When applying for a green card, you will either adjust status or obtain the green card through Consular processing. If you are in the United States, you will normally apply by filing an I-485 petition with USCIS to adjust your status from your non-immigrant visa to a green card. For example, one may enter on a B-2 tourist visa, get married and then decide to stay in the United States. If this were to be the case, the applicant could adjust status from a B-2 visa to a green card.
If you are out of the United States when you receive an approved immigrant petition (eg. I-130 – Family Based, I-140 – Employment Based or I-526 – Investor Based) you will obtain the green card through a process called Consular processing. Consular processing involves two different government entities: the National Visa Center & a Consular Office in the applicant’s home country. The process is started only after the underlying immigration petition is approved by USCIS and the green card category is “current” such that there is a green card available for the applicant.
Generally speaking though from the perspective of the applicant the process is similar to filing an I-485. One big difference between adjustment of status and Consular processing is that the applicant is required to attend an interview when Consular processing is conducted. If your green card is approved, you will be given a visa to enter the U.S. and you will also be given a package that you will hand to a border officer when you enter the U.S.. You will then get a green card mailed to you. The specific steps for Consular
Processing are as follows:
1. File the Immigrant Petition (eg. I-130 if you marry a U.S. citizen, I-526 for an Investor Visa, etc.) with USCIS
2. If approved, USCIS will send the petition to the National Visa Center (NVC)
3. NVC will notify the applicant when the petition is received and when an immigrant visa number becomes current. NVC will also tell the applicant what information is required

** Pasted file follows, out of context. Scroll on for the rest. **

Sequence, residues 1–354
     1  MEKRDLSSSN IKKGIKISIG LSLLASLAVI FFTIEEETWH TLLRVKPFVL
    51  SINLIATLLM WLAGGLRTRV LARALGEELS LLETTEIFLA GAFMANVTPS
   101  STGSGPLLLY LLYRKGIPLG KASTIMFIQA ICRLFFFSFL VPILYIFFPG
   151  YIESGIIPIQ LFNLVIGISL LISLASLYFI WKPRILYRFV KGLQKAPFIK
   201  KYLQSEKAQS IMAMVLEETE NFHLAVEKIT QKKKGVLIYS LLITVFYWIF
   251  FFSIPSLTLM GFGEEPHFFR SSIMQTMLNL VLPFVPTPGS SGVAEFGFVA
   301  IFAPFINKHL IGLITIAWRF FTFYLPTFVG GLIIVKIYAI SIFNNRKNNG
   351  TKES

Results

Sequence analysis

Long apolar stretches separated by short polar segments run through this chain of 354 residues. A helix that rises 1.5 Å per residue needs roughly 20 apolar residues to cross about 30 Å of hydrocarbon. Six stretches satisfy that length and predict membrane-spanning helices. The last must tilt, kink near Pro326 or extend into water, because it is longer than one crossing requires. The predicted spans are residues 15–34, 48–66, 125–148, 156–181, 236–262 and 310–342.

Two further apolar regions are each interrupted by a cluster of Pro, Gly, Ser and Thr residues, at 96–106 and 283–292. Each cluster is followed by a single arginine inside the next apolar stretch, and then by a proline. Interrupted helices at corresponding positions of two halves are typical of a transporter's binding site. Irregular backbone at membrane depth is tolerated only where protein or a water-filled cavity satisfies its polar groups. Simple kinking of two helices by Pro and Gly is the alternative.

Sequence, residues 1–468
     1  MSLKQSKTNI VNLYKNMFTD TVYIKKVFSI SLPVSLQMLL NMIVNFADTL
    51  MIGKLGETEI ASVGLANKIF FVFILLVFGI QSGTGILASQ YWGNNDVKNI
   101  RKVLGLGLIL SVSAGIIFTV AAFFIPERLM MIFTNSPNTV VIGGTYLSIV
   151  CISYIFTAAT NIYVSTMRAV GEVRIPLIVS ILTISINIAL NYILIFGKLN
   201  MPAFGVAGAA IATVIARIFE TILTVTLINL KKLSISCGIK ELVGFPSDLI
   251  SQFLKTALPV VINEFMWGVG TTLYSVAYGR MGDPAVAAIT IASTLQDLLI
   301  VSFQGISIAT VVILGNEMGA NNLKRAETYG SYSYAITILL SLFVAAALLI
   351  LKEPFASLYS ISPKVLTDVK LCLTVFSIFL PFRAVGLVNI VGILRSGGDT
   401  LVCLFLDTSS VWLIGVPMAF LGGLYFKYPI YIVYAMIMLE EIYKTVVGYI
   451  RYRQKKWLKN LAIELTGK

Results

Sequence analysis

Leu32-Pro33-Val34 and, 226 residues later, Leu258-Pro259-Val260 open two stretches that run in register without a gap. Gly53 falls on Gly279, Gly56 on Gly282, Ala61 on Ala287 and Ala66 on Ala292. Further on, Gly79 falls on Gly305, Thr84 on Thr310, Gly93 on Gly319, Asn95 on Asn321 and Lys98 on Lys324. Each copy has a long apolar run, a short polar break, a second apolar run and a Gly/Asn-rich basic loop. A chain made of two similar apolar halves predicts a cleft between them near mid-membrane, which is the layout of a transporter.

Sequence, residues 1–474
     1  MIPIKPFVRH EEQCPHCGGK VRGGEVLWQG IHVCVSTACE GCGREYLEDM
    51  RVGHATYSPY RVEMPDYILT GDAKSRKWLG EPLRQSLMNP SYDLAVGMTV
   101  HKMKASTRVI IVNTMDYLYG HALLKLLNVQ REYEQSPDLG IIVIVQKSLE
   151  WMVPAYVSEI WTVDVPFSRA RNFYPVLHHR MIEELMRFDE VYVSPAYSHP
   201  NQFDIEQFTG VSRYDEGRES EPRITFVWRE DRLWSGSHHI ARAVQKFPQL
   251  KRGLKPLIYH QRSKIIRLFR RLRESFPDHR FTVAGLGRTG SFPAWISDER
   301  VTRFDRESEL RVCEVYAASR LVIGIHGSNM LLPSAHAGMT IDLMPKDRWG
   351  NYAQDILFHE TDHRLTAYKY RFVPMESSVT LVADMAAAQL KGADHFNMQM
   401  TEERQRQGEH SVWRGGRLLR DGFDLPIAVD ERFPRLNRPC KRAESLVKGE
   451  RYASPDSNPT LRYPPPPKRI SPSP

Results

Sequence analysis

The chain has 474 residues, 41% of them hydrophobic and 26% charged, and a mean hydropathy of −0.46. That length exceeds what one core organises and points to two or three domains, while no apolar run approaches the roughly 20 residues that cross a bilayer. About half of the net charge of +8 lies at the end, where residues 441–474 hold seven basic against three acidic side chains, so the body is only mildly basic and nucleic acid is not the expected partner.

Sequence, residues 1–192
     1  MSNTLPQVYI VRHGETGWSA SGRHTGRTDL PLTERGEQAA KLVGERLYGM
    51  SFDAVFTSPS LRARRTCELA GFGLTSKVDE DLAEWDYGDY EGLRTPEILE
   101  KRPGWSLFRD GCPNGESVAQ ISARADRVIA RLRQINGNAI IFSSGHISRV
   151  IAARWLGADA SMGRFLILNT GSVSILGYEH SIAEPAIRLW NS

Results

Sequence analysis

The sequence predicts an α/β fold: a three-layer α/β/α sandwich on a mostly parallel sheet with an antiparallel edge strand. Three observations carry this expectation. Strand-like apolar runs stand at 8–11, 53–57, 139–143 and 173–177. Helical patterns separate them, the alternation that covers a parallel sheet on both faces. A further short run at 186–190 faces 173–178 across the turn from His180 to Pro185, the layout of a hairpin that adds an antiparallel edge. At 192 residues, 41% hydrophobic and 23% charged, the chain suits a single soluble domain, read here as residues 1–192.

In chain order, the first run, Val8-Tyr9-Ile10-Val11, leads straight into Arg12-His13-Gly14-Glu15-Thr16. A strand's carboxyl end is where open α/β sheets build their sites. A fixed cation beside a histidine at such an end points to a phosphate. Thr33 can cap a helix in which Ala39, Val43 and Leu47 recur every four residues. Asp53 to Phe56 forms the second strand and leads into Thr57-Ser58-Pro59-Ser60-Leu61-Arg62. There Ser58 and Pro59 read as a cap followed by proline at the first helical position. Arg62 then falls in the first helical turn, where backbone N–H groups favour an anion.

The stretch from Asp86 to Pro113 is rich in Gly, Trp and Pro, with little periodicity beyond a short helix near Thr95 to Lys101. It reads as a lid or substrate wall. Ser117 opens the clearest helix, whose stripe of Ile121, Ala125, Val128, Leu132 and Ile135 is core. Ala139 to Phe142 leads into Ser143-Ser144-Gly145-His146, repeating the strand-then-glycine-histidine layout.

4. NVC will send forms that need to be completed and you will have to get a medical exam
5. A security check is conducted on the applicant
6. Once the case is complete and a visa number becomes available, the NVC will forward the file to Consulate in the home country and will set up an interview for the applicant
7. The applicant goes to the interview and is interviewed by a consular officer and biometrics information is also collected (fingerprints, etc.)
8. If a change occurs, the applicant would notify the Consulate and the NVC (eg. change of address)
9. If you are granted the green card, the Officer will give you a package called a “Visa Packet” and he/she will instruct you not to open the package
10. You will enter the U.S. and the Border official will take the package and you should be mailed the green card in around 3 months
This process can take 6 months to a year and could even be longer in some situations. Generally speaking it may be difficult for you to enter the U.S. while you have an immigrant petition outstanding and this is particularly the case if the underlying petition (eg. I-130) has already been granted.
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Ian E. Scott, Esq. is the Founder of Scott Legal, P.C. He can be reached at 212-223-2964 or by email at firstname.lastname@example.org.
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Ian E. Scott is a Harvard Law School Graduate, lawyer and author of Law School Lowdown: Secrets of Success from the Application Process to Landing Your First Job. Mr. Scott worked as a corporate litigator in the law firm Cleary Gottlieb and currently runs his own law firm Scott Legal, P.C. specializing in Immigration Law & New Business set-up.